College Counselor: Career and Salary Facts

Explore the career requirements for college counselors. Get the facts about education and licensure requirements, salary, and potential job growth to determine if this is the right career for you. Schools offering School Counseling degrees can also be found in these popular choices.

What Is a College Counselor?

College counselors, also known as admissions counselors, are counselors at postsecondary institutions who guide high school students through the undergraduate admissions process. They also work with undergraduates who are enrolled at the school and are considering graduate-level education. To help students prepare for their educational futures, admissions counselors offer advice about course selections, application materials and financial aid options at the school. They also provide information about future career options.

The following chart gives you an overview about a career as a college counselor.

Degree Required Bachelor's or master's degree
Education Field of Study Counseling, education
Key Responsibilities Advise students about available educational options; assist students with admission process and pre-admission course requirements; assist transferring students with the transfer process; promote college's programs in the community
Licensure and/or Certification Certification may be required
Job Growth (2014-2024) 8% for all school and career counselors*
Median Salary (2017) $36,309**

Sources: *U.S. Bureau of Labor Statistics, **PayScale.com

What Is My Earning Potential and Career Outlook?

According to the U.S. Bureau of Labor Statistics (BLS), educational, guidance, school and vocational counselors held 273,400 positions in 2014. The job growth rate during the 2014-2024 decade was expected to be 8%, which was about the national average across all jobs (www.bls.gov). PayScale.com data from January 2017 estimated that most admissions counselors earned between $29,191 and $50,758.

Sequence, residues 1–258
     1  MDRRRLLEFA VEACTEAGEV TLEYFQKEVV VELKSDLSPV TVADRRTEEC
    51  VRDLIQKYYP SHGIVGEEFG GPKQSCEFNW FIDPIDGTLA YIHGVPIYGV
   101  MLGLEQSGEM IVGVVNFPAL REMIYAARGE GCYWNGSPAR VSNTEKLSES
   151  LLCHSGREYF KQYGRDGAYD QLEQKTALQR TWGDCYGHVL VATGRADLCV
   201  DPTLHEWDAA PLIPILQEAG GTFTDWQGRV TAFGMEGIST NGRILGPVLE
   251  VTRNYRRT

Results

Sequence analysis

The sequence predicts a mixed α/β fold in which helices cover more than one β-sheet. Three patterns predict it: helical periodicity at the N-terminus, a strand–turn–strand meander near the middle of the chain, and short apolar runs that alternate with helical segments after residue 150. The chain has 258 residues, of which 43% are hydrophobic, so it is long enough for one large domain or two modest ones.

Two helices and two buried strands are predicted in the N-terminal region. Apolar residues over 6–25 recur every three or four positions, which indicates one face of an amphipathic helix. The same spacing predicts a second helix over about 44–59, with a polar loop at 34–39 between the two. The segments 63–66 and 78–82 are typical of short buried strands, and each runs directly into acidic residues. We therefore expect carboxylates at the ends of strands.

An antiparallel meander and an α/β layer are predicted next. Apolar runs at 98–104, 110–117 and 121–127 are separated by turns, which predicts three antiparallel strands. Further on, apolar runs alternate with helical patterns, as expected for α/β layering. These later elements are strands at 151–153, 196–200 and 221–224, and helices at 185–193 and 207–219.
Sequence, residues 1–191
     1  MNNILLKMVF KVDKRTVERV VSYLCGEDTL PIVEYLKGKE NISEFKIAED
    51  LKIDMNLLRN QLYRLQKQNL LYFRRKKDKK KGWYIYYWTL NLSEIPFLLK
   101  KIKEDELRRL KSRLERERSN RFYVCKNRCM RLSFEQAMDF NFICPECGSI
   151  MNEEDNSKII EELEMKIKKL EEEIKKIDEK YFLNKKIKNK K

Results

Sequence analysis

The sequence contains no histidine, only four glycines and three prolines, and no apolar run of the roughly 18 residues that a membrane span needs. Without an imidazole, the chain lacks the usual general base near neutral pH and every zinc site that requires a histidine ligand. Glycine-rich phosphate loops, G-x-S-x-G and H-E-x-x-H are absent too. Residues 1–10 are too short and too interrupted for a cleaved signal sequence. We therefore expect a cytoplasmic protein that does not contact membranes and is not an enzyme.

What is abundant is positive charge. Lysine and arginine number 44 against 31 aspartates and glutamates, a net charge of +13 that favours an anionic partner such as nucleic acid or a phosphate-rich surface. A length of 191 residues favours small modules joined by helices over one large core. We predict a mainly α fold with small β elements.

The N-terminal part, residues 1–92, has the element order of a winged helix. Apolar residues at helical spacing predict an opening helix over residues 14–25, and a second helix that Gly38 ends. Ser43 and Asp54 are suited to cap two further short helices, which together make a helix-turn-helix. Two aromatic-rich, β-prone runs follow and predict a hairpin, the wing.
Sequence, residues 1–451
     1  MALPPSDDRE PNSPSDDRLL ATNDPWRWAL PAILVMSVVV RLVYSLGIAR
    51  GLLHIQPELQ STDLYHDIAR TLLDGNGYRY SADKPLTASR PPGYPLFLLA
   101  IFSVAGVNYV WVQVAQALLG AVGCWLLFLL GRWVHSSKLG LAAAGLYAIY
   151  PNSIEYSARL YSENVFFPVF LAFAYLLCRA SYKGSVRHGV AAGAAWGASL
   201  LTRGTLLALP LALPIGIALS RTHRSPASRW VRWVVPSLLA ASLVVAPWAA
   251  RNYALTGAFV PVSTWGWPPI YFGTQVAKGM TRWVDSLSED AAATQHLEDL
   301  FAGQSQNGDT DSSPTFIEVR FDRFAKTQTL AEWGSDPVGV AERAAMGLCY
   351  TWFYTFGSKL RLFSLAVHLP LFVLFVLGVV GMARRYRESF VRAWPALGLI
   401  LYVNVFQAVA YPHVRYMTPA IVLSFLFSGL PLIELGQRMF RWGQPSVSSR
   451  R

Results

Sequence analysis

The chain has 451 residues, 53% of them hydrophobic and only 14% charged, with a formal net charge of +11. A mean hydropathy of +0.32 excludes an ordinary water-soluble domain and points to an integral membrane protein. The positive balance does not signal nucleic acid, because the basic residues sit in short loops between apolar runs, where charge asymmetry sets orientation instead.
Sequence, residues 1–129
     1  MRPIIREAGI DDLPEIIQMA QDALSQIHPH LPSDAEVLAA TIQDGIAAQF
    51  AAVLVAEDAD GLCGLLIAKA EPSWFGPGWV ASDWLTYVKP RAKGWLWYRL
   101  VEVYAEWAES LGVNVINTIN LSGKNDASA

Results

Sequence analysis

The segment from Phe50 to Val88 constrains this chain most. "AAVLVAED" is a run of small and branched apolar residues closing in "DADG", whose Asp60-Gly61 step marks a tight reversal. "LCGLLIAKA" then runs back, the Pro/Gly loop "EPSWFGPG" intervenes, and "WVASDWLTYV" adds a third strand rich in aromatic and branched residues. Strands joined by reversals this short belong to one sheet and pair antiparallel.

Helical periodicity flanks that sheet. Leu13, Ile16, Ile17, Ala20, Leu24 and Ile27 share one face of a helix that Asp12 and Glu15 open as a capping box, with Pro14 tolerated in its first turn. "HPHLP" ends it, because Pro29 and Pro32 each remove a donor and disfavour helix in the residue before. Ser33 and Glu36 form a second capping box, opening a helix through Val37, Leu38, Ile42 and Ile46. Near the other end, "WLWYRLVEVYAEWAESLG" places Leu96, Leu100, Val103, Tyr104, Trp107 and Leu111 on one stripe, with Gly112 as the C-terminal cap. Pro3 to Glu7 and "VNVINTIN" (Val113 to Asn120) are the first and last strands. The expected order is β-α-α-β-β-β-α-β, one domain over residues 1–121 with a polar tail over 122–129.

What Are the Job Duties of a College Counselor?

As a college admissions counselor, you would work for a postsecondary institution to recruit students and facilitate the admissions process for applicants. You may help applicants complete paperwork, figure out financial aid processes, and even help guide their choice of major. In order to attract applicants, you organize events to promote your college or university, often within an assigned recruitment territory. Travel is often a regular part of the job, since you will visit college fairs and high schools. Additionally, you could maintain records and transcripts on your assigned students and provide recommendation letters for graduates.

What Education Do I Need?

You should have a bachelor's degree in order to pursue a career in college counseling; most fields of study are acceptable. According to job ads posted on Monster.com in April 2011, many employers prefer some prior professional experience in higher education. Some college counselors may pursue a master's degree in a field such as higher education administration or student affairs. Other skills needed may include knowledge of social networking and diversity issues in recruitment.

How Could I Advance My Career?

There are several professional organizations available to college counselors that sponsor professional development activities. The National Association for College Admissions Counseling offers an Admissions Counselor Basic Training program. Courses in this program include interviewing techniques, training student ambassadors and strategic enrollment. Counselors may also pursue training in the National Training for Counselors and Mentors program, which provides free training regarding financial aid and resources available to students (www.nacacnet.org).

What Are Some Related Alternative Careers?

If you want to work with students, you could consider becoming a school counselor at a high school. In addition to counseling students about their college options, you would also offer information about other future educational options, like vocational school, entering the workforce or joining the military. You might also counsel them about mental health and wellness concerns. Alternatively, you could pursue a career in an entirely different area, such as marriage and family therapy, in which you would consult with individuals and families to help them build better relationships. For either of these counseling jobs, you usually need to hold a master's degree and pass a licensure exam.

To continue researching, browse degree options below for course curriculum, prerequisites and financial aid information. Or, learn more about the subject by reading the related articles below:

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